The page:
The quokka is the island’s only native mammal and, while the island has always been popular with Australian tourists, its fantastic selfies have helped put the destination on the map for international visitors.
The animals are remarkably friendly and have a naturally ‘happy’ expression and are known to happily pose for selfies with enamoured visitors. Campbell Jones’ picture of a Rottnest Island quokka with his arms outstretched in what looks like a hug quickly went viral. He snapped the fortunate shot with his GoPro while biking around the island.
He told Channel Seven: “”They are pretty friendly little things. We just went down to take photos of them and snagged a beauty, I suppose. It has been humbling that so many people wanted the photos.”
Emily Allen from Rottnest Fast Ferries said many people who book with them do so primarily to see the photogenic animals on the island. People tend to “ask at check in if they are likely to see quokkas and where on the island they can be seen”, she told Lonely Planet.
It’s clear that international travellers simply can’t get enough of the quokkas. Instagrammer Allan Dixon grew a huge following when he started posting his Rottnest Island quokka selfies on social media and has amassed quite the collection of animal selfies throughout his travels.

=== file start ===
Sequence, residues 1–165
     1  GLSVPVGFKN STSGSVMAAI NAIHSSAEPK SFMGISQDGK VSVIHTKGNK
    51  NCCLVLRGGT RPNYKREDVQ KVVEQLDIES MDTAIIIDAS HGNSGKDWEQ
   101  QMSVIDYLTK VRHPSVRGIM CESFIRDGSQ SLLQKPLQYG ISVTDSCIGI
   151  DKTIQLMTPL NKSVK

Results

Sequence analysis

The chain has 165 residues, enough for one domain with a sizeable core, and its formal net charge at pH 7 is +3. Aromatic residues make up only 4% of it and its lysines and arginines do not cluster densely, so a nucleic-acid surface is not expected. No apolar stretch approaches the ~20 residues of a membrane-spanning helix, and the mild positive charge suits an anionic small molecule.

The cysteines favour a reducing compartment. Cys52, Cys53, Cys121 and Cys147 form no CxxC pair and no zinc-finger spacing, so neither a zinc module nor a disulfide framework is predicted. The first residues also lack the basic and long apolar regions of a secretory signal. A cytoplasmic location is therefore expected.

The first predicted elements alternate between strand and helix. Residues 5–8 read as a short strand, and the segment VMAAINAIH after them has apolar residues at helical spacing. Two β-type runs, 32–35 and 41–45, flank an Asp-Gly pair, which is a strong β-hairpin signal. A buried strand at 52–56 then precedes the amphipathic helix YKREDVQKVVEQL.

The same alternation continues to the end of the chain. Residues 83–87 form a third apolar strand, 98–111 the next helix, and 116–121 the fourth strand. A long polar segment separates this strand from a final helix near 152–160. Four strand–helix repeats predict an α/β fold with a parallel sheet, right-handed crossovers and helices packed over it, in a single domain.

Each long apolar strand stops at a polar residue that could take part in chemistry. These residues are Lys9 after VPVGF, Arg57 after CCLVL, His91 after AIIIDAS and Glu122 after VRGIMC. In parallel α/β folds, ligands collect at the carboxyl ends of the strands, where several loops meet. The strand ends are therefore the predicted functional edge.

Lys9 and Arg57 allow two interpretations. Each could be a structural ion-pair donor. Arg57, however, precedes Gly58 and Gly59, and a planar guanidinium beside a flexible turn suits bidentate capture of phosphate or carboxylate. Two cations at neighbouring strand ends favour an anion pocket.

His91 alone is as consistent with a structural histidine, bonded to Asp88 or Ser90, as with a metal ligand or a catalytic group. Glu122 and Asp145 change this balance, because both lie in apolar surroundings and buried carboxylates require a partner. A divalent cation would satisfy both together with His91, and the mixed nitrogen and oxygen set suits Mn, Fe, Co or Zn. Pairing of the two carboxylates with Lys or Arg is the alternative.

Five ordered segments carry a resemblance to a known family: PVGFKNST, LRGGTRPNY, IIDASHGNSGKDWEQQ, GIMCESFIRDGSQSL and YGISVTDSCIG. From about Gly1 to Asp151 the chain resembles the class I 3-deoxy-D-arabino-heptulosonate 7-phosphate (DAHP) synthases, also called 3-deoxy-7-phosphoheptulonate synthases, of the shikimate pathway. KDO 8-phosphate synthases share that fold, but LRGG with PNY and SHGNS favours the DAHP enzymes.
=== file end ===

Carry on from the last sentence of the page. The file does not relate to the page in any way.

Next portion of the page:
A post shared by Allan Dixon – Adventurer (@daxon) on Feb 24, 2017 at 9:10pm PST
Allan is currently trying to get sponsorship for a quokka book to shine a further spotlight onto the animals. Last year, he attempted to get the book published by crowd-funding but failed to reach the necessary target. But he still believes a quokka campaign can add a bit of happiness to people’s lives.
The rise and rise of the quokka selfie is not about to stop anytime soon but Rottnest Island Authority has some sensible guidelines for travellers who want to snap their very own. “Please remember to remain a reasonable distance from the quokka and not to touch or feed them.” Visitors who break these guidelines will be subject to fines, as quokkas are currently listed as a ‘vulnerable’ species.
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